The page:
1. Using the word “inclusion” as a bludgeon isn’t an argument. This is literally people getting upset over very mildly off-color names for beers. Here’s a better idea than making absurd demands about your sensitivity – let the market decide. If they can sell enough beer with mildly off-color names to keep themselves in the black, it’s obviously working, irrespective of what a fringe group of oversensitive nuts has to say about it. They use a marketing ploy that YOU may find offensive, likely because you’re looking for something to be offended by, but if it works for them, good for them. In fact, now that I am aware that these mildly off-color names have “social justice” losers freaking out, I’m more likely to buy them, just to annoy that crowd. Grow up and quit whinging about nothing.

      Are you also upset that Trappist ales are brewed exclusively by male Catholics? Because this “inclusiveness” idiocy would suggest that you are.

      This is America, and people here have freedom of speech. That it offends YOU is irrelevant. The breweries have a right to name their beers what they want, and that far outweighs your feelings being hurt.

      The PC run amok argument is actually quite germane. This is exactly what the above nonsense is. Throwing a temper tantrum about slightly off-color names for beers is absurd and Orwellian.

      Now, if you’ll excuse me, I have to think up some truly offensive names for my home brews. Because irritating the perpetually offended while drinking my own brews will just make the experience that much more enjoyable.

      1. Am I upset that Trappist beers are brewed exclusively by male catholics? No, because they aren’t. In fact the brewmaster at Orval, Anne-Françoise Pypaert, is a woman. Do your homework, and when you’re done, grow up.

    2. “it’s stale and doesn’t advance the conversation.” Yes it does, because it is how you are perceived. So take a breath, calm down and embrace diplomacy instead of screaming everywhere and offending people. You don’t think they are sensitive, you feel objectified by them. Well, try to know them, talk to them, get them to know you, and understand your point of view while trying to understand theirs. >< Damn, I did not think I needed to explain it to a grown up person like you.

  4. I can recommend some hemorrhoid medication that will help your butt feel less hurt.
    Of course these matters of inclusion are important ! Of course we need to help fight against objectification and segregation ! But allies like you are way worse than enemies. You are a scourge to the cause you think you are defending. I for one don’t want allies like you. You are undermining our credibility. This fight is one that takes TIME and PATIENCE and DEDICATION, and DIPLOMACY ! Not your butthurt idiotic and inquisition-like rampage.

    1. “Segregation”? Are you actually serious? That fight ended decades ago. You speak of undermining credibility, and yet you actually say that there is SEGREGATION in beer. This is an indefensible position.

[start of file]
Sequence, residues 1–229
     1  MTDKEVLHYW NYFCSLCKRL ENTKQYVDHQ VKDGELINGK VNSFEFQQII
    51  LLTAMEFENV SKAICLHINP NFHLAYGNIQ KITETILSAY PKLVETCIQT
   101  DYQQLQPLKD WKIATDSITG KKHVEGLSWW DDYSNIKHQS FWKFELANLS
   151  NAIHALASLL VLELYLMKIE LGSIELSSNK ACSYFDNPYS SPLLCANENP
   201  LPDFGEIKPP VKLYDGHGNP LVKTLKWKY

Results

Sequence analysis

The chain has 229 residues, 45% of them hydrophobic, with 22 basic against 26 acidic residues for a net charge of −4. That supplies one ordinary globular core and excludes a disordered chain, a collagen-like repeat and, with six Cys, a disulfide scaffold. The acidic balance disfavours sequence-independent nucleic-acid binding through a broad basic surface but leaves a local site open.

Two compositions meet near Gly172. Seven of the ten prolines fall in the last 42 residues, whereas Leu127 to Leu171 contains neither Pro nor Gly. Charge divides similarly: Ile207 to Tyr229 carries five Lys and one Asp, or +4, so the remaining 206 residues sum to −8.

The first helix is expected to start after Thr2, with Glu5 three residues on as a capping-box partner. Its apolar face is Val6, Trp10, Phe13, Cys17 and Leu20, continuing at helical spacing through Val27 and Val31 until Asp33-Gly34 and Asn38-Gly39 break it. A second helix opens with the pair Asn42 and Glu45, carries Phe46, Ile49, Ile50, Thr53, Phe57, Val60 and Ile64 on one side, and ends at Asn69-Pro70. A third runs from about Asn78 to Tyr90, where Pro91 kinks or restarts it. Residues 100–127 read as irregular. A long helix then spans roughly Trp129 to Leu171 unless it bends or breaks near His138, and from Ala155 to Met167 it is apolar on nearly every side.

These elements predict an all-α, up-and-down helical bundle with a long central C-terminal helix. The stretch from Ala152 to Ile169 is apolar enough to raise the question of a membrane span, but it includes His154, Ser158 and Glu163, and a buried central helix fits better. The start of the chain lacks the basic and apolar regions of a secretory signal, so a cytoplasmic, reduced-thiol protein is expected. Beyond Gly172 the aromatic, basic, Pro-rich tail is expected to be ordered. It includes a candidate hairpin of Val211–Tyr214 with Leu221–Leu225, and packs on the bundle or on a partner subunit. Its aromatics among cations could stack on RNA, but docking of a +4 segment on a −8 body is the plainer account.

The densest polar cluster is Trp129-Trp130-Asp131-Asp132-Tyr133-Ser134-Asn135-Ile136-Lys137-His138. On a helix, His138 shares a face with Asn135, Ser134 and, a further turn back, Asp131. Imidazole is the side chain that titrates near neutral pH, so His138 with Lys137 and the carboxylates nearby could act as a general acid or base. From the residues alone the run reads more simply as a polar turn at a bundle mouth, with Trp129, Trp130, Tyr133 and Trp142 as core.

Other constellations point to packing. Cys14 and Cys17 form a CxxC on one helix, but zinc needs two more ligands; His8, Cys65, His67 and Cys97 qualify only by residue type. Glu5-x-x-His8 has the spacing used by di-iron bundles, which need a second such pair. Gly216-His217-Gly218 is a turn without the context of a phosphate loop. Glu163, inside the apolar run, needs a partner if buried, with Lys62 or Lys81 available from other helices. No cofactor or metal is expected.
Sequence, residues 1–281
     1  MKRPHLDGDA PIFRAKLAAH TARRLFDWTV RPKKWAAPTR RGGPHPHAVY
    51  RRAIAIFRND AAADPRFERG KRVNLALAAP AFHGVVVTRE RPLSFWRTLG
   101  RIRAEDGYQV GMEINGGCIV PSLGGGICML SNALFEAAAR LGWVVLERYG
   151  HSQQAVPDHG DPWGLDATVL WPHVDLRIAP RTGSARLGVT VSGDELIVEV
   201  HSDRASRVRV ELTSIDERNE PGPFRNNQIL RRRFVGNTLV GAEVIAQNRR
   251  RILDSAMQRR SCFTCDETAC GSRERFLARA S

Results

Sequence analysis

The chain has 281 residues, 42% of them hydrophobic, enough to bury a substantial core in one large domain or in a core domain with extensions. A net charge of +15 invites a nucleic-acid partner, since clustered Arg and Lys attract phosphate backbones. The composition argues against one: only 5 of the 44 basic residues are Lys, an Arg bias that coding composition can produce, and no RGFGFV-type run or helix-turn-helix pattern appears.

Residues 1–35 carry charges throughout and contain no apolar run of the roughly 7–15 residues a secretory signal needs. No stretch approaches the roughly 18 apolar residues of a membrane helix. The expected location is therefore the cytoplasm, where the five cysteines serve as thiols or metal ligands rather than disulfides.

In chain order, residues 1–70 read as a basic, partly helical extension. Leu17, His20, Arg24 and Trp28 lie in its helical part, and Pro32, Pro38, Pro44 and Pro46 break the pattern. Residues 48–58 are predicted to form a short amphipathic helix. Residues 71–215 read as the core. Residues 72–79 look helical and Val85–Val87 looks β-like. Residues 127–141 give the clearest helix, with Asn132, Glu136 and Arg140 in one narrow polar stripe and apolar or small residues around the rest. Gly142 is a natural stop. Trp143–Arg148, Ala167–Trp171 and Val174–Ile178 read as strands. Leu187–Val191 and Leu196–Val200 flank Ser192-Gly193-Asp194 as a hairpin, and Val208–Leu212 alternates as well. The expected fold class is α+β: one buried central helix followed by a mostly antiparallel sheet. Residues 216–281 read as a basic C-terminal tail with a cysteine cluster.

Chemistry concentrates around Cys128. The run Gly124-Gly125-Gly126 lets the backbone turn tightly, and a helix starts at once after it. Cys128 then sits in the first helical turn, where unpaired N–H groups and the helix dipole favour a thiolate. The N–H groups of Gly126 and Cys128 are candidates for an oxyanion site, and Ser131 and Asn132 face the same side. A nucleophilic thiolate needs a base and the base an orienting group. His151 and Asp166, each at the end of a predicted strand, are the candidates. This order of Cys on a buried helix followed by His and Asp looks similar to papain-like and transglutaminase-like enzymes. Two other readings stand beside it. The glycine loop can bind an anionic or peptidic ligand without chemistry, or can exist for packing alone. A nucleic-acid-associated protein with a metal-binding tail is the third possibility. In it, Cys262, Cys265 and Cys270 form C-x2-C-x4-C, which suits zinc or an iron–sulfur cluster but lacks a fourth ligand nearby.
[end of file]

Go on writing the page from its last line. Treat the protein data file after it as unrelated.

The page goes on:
A sexually suggestive beer name is not “objectification” by any means, and to claim that it is so is to infantalize women. It’s no secret to women that men like sex, and to claim that admitting as much is akin to rape is grossly offensive to the overwhelming majority of men who are not rapists, as well as trivilaizing the experience of actual rape victims.

      Get over yourself. You want to talk about “inclusion” and not alienating people? Drop the PC nonsense that alienates those of us who don’t live in Brooklyn or Portland.

      1. It sounds like you are equating objectifying women with liking sex? Most people like sex – nothing wrong with that. No one should objectify others, sexually or otherwise. That is wrong and you can’t claim to be a victim of a PC culture to justify it.

        How hard is it to name a beer or create label artwork that doesn’t objectify women? Most beers don’t, so why should we accept the ones that choose to do this?

        We haven’t even started on beers like Sexual Chocolate that not only objectify women, but go even further to exploit the sexualization of black women.

        And this isn’t just a beer culture thing. What we see in beer culture is just a reflection of culture in general. People have been fighting this battle in video game culture for a long time. To isolate these as problems of specific sub-cultures diminishes the problem and makes it harder to find solutions.

        But the solution really is easy. Just stop objectifying people.

      2. Again, this is absurd. Using the allure of sex to sell products does not “objectify” anyone. You offer no evidence that it does, you demand that we all accept it ad tautology. Grow up, stop being offended over nothing.

        Chocolate is a well known aphrodisiac; I can’t imagine what absurd mental gymnastics you had to go through to equate calling a beer “Sexual Chocolate” to “objectifying black women”.